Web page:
Knowing how to fail is a key leadership skill.
Failures are unpleasant, but they grab our attention and focus us to integrate new information. Therefore, it is acceptable to fail. We should fail and learn without falling apart. There are people who lived through failure before going on to become names known around the world. Nelson Mandela was sentenced to life imprisonment for conspiring to overthrow the apartheid government that promoted racial segregation in South Africa.
For many people a life sentence would have been absolutely catastrophic and devastating. Nelson Mandela did not falter or despair, so he continued fighting whilst in prison. Despite facing real torture in prison, he was resilient and pursued his vision.
His vision was dismantling the legacy of apartheid by tackling institutionalised racism and fostering racial reconciliation. We know that Nelson Mandela eventually became the President of Democratic South Africa after serving 27 years in prison.
Nelson Mandela had unique underlying abilities. What was unique about Nelson Mandela was that he cultivated his leadership skills, learned more, looked directly at his mistakes, used feedback, and altered his strategies. It was not because he was more skilled or naturally a better leader. Mandela adopted a growth mindset. He believed in his own ability to learn and respond in the face of challenge.
That explains why he was able to excel. There are two fundamental mindsets that people have when it comes to looking at themselves and others, e.g., fixed or growth mindsets. People who have a fixed mindset believe that intelligence, personality, talents, and skills are largely carved in stone and unchangeable. In some situations, this could set oneself up for success or guaranteed failure. People with fixed mindsets do not like trying new things because the risk of failure looms large.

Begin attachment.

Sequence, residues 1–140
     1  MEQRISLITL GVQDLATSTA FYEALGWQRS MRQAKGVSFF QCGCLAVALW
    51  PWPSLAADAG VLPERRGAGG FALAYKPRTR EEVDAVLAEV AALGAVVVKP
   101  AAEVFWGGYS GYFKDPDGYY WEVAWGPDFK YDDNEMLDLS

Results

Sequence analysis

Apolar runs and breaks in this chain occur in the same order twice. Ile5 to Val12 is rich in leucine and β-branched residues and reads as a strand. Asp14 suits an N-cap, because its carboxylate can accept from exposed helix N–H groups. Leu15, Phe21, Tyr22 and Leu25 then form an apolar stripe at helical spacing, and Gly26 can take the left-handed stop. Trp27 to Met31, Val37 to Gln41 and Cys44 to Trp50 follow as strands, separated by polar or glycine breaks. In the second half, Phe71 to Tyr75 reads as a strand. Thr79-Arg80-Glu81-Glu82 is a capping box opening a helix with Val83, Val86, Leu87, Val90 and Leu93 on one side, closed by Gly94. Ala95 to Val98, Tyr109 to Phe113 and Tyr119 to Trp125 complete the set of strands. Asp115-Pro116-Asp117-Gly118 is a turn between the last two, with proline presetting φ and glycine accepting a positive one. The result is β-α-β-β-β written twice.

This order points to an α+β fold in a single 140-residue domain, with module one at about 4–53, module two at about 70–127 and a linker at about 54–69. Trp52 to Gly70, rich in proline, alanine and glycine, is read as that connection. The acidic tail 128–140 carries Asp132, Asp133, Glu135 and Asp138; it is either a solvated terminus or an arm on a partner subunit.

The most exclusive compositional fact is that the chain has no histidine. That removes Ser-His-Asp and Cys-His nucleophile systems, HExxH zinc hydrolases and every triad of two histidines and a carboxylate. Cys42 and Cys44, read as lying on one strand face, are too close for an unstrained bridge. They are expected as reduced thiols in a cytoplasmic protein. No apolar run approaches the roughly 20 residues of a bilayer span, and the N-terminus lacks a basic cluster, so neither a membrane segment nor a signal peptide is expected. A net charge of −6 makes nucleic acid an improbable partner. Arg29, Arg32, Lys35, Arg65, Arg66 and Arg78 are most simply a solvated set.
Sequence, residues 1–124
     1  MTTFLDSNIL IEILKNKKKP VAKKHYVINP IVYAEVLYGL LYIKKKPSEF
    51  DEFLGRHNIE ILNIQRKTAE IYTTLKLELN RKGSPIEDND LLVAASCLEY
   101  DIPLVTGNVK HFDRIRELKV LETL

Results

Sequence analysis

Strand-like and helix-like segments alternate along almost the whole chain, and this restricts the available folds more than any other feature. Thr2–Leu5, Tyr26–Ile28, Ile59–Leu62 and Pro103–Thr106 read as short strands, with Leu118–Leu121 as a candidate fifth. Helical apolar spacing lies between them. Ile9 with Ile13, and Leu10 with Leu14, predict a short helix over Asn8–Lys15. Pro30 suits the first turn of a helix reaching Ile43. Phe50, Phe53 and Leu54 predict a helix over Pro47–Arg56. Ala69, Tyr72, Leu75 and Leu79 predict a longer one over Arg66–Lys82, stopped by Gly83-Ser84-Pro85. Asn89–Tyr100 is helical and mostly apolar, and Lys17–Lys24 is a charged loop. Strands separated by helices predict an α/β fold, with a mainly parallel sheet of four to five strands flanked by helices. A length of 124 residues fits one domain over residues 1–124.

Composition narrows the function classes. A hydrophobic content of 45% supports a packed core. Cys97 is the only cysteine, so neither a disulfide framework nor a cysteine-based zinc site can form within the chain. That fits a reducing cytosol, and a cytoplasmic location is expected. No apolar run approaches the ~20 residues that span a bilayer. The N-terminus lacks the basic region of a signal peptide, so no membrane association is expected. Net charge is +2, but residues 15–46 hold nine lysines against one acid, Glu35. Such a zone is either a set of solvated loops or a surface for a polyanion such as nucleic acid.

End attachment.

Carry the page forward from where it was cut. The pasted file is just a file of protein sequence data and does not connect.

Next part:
In contrast, people who have a growth mindset do not see intelligence, personality, talent, and skills as fixed or stable. Rather, they see themselves as having potential and, even more important, they see others as having potential.
In terms of bouncing back from hardship, people who have a growth mindset are more resilient. In terms of happiness, people with growth mindsets are happier and less depressed. In terms of facing challenges and adversity people with growth mindsets are more persistent. We should allow ourselves to experience failure early and often. Indeed, there is a sensitive period for growth in our late teens continuing through our early 30s where we quite simply learn how to fail.
As leaders we can cultivate growth mindsets in our teams by how we describe challenges as a test of DNA or as an opportunity to learn. Failures bring value to organisations. Failures give everyone lots of valuable information and create an environment in which teams and leaders do not fear failure. This is what is meant by the learning organisations. The problem with most learning organisations is that everybody wants to learn by observation, not by first-hand experience. We all need to experience failure first hand.